"This effort is meant to be more wide-range, enabling citizens to participate in the planning process without ever physically having to attend a meeting by using computer and social media technology,'' says Executive Director Hillsborough County MPO Ray Chiaramonte. "We are very excited about this effort and the chance to really hear our citizens' opinions in a more comprehensive way so we can craft a plan that truly reflects the desires of our citizens.''

By 2040, Hillsborough County is expected to have up to 600,000 new residents and about 400,000 new jobs. According to Chiaramonte, Imagine 2040's goal is to work together to turn the challenges that come with growth into opportunities for a thriving future.

How should we grow? By spreading new residents and jobs throughout the county? By focusing on growth in the centers we've already developed and creating new job centers along our major highways? This is your opportunity to design the future of Hillsborough County.

"We're at an important crossroads. Do we want to be a true national leader for job creation and livability for a new generation of young, well-educated high tech workers that can provide the spark we need to become a competitive player with the top communities in this country and in the world?'' asks Chiaramonte. "We have so much going for us without doing a lot that it's certainly within our possibilities to be a mecca for high-paying jobs. We can play it safe and be comfortably mediocre or we can strategically plan for taking our assets and building upon them to create a truly unique, special community for our future and the future of generations to come.''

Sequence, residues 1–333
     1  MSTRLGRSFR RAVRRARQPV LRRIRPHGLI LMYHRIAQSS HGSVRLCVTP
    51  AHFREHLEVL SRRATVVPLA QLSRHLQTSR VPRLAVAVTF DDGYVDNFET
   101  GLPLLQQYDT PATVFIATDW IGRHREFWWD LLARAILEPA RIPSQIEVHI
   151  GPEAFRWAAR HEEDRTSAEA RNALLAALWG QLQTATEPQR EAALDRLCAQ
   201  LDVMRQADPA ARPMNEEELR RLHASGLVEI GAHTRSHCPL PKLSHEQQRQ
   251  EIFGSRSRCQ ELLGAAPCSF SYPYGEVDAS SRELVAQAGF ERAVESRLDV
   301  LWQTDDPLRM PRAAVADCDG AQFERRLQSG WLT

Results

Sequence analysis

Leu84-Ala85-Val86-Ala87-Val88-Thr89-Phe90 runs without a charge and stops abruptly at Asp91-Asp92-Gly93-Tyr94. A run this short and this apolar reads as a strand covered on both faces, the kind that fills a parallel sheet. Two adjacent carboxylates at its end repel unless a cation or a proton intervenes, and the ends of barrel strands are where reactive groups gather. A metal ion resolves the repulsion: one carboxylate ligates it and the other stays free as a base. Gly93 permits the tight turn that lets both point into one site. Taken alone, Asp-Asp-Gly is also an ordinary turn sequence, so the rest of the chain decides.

Ultimately, Imagine 2040 is expected to create a blueprint for the future of Hillsborough County as leaders take a leap forward to get things done. By leveraging federal planning dollars and combining them with local funds, a more comprehensive and unified planning process is available; this gives the county the opportunity to address issues while reaching more residents.